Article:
From the moment we started pursuing XTDB as a commercial product, the team has spent hundreds of hours interviewing users, partners, customers, and advisors. We’ve asked everyone to look at XTDB, retrospectively, and tell us their honest opinion about data problems their company faces. The results are consistent.
First, no one wants to babysit a database in 2022. A large part of XTDB’s current appeal is how fast and easy it is to get started: add a dependency on
com.xtdb/xtdb-core and start adding data. Bam, done. Everyone we spoke to wants this level of operational simplicity — but across all languages and platforms.
The second problem everyone wants solved is equally unsurprising: easy, immutable data. Whether your business thinks of it as "lineage", "provenance", or "perfect audits", absolutely everyone is tired of working around mutable databases (AKA "the queryable cache") with event sourcing. Event sourcing should be for, well, events — not a bandaid on the fact that almost every major database throws out data with each
UPDATE operation (or makes the old record unqueryable).
From there, everyone has an itch to scratch. CTOs are very interested in solving the "two database problem" with Hybrid Transactional-Analytical Processing (HTAP), and they don’t want to maintain an ETL (or ELT) pipeline anymore. Developers want real time-traveling queries and versioning for free in their OLTP systems, they don’t want to shoehorn their realtime data into an OLAP system anymore. The DDD folks want nested records, they don’t want to cram strings into Postgres JSON columns anymore. Data scientists want first-class SQL, they don’t want to learn a new query language.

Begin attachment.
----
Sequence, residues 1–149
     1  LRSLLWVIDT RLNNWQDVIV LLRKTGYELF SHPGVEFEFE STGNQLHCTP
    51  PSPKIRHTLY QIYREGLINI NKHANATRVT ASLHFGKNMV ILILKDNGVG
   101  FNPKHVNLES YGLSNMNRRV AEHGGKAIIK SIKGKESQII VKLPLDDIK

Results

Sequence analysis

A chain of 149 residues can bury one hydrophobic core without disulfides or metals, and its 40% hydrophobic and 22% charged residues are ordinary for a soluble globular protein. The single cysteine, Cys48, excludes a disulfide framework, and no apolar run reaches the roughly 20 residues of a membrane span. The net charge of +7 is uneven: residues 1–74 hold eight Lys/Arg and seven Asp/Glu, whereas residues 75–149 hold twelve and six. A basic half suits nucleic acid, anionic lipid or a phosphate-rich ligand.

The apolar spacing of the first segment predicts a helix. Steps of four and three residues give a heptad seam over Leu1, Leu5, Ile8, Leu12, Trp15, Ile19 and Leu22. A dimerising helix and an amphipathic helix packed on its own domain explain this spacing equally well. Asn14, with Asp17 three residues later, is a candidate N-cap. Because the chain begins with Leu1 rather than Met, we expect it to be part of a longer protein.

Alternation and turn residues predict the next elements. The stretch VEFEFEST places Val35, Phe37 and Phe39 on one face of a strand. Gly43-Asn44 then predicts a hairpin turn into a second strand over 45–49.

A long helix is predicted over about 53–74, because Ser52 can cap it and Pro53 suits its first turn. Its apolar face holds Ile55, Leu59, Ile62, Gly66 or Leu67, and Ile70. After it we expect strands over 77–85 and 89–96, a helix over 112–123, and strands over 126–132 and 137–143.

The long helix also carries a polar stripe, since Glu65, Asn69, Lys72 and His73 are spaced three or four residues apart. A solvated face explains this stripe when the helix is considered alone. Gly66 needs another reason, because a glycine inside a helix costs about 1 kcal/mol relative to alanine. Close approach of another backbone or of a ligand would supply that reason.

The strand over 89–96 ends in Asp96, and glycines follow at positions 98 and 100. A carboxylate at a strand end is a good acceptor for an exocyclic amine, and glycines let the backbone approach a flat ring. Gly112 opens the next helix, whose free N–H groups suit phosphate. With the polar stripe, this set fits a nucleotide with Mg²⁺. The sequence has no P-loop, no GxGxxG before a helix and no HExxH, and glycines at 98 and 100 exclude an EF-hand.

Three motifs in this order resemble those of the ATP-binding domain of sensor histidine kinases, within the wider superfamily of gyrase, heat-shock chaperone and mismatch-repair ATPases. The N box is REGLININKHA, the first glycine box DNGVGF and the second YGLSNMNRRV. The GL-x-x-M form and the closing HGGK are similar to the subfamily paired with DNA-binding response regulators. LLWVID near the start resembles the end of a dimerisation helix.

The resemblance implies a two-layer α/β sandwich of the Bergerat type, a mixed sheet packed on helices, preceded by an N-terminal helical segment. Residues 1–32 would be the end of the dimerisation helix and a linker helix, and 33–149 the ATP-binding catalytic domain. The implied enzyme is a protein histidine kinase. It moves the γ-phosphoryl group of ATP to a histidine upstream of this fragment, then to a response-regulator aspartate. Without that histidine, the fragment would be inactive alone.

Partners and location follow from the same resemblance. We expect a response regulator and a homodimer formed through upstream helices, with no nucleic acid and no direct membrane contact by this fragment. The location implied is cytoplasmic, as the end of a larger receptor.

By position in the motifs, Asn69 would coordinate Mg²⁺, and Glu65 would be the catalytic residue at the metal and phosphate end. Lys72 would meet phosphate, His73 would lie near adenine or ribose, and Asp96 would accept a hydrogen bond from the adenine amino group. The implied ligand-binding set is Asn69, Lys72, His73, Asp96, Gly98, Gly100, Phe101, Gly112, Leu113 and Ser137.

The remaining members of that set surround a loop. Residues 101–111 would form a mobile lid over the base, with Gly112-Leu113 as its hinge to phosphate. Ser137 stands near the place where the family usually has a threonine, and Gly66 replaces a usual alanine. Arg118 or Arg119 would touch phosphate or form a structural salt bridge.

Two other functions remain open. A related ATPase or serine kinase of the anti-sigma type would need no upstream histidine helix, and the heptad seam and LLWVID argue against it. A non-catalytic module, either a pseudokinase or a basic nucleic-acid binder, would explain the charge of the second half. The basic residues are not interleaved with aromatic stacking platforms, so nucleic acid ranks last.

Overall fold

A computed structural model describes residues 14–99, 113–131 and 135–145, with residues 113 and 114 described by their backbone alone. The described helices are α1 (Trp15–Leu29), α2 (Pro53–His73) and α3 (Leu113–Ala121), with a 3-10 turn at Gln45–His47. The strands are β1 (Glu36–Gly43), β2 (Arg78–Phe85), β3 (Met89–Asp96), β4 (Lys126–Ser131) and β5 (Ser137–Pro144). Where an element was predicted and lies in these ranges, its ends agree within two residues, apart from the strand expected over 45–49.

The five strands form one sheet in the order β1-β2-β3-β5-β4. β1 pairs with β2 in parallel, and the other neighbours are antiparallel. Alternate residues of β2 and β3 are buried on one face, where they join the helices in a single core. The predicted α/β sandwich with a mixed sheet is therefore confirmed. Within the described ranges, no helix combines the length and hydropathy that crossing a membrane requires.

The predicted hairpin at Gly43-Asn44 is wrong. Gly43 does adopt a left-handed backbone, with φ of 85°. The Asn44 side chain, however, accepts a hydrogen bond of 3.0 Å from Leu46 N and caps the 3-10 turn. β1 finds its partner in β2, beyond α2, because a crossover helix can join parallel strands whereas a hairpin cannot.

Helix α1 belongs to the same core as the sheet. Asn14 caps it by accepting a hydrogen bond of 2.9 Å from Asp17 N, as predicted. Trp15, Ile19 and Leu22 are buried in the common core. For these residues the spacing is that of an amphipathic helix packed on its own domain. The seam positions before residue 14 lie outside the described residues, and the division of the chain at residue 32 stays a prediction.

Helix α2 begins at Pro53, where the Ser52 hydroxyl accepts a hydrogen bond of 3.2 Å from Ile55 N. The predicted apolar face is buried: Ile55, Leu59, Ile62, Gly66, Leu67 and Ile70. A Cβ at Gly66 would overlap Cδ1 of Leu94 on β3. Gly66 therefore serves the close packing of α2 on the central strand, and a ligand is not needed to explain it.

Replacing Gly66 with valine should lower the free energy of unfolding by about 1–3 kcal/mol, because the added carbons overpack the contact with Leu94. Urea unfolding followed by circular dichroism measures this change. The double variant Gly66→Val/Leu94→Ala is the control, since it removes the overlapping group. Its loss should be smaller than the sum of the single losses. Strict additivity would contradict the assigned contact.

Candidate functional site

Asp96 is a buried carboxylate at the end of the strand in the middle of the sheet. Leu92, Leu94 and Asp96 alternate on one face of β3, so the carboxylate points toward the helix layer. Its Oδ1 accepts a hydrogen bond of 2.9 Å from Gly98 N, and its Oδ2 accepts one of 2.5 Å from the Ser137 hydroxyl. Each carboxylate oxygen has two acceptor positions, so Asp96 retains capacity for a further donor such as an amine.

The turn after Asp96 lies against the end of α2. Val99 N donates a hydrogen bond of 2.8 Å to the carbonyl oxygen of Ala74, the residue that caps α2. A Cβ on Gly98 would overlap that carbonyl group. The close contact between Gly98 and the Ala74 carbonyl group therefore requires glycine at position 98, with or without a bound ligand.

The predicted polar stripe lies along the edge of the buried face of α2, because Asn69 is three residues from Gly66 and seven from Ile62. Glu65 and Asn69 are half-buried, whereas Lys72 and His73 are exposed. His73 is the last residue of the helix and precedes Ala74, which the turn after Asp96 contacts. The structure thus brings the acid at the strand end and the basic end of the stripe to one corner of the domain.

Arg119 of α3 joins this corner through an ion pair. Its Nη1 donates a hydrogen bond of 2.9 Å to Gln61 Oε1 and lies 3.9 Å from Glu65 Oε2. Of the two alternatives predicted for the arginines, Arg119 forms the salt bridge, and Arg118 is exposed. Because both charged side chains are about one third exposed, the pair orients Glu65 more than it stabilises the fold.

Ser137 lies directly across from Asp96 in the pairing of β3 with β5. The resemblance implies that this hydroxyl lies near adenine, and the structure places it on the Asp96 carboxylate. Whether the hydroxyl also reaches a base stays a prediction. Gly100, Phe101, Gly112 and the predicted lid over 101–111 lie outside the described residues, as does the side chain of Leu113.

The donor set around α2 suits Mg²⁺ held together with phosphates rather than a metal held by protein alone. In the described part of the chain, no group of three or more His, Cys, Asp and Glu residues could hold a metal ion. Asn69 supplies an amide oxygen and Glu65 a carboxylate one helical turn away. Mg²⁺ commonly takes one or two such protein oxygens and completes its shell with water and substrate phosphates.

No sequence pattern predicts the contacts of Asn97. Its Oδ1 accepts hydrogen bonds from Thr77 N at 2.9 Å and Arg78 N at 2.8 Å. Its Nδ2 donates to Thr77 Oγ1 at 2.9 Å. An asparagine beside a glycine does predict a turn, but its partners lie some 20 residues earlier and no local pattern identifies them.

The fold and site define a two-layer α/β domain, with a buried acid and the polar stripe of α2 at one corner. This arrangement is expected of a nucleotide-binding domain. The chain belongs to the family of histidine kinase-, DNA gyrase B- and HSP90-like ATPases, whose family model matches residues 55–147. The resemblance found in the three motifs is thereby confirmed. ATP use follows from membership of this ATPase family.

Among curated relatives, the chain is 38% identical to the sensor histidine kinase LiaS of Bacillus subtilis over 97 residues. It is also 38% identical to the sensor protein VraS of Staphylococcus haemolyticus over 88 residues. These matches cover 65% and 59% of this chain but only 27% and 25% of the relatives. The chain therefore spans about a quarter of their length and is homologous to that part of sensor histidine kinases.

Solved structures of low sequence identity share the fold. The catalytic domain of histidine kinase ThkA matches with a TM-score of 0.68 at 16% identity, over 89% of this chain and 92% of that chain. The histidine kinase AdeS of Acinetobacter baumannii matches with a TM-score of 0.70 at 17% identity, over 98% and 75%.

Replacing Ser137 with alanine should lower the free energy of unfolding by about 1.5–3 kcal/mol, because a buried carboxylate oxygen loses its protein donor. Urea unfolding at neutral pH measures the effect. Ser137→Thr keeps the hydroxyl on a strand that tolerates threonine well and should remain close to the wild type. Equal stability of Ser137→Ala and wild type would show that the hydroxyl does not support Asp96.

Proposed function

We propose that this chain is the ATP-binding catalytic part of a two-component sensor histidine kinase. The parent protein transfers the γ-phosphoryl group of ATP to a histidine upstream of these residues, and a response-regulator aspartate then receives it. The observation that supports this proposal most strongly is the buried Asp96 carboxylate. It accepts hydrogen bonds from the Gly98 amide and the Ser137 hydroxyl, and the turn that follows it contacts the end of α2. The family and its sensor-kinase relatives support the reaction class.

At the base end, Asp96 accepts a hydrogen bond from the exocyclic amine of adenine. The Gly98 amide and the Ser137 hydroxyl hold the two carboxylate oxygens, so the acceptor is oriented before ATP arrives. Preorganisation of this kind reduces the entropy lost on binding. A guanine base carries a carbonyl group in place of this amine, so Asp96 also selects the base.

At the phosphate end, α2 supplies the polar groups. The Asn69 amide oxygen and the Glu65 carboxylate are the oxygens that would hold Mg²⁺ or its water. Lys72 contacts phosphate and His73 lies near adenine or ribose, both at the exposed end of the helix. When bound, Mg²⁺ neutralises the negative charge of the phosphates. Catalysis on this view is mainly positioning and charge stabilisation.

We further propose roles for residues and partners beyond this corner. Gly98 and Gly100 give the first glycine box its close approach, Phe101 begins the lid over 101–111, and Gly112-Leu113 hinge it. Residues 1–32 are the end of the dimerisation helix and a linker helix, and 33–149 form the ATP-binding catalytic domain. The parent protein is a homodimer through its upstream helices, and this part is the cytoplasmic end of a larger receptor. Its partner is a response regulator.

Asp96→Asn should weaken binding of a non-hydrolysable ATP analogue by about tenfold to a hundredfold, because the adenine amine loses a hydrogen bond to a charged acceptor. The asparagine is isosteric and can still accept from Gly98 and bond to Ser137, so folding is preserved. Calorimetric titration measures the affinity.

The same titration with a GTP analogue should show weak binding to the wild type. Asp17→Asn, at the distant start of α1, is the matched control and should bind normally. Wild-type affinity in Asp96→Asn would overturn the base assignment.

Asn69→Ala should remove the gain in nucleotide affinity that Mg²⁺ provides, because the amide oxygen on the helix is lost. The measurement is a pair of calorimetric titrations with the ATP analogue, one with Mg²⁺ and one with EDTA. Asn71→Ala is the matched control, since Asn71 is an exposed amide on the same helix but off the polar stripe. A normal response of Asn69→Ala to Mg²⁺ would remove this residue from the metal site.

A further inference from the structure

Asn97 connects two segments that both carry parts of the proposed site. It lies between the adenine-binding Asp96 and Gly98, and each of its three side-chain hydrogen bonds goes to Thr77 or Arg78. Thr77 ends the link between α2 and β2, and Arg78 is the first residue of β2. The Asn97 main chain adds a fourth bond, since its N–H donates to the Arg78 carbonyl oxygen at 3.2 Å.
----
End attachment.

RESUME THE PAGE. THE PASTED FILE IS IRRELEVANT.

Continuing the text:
We’ve been listening.
Behind The Scenes
…but we haven’t only been listening. We’ve also been researching and building. It’s our goal to take what everyone currently loves about XTDB (in the words of Jacob O’Bryant, "the database that sparks joy") and grow it. Much of that growth is interlinked. We think of these interlinked qualities as the pillars of XTDB.
Pillar #1: SoSaC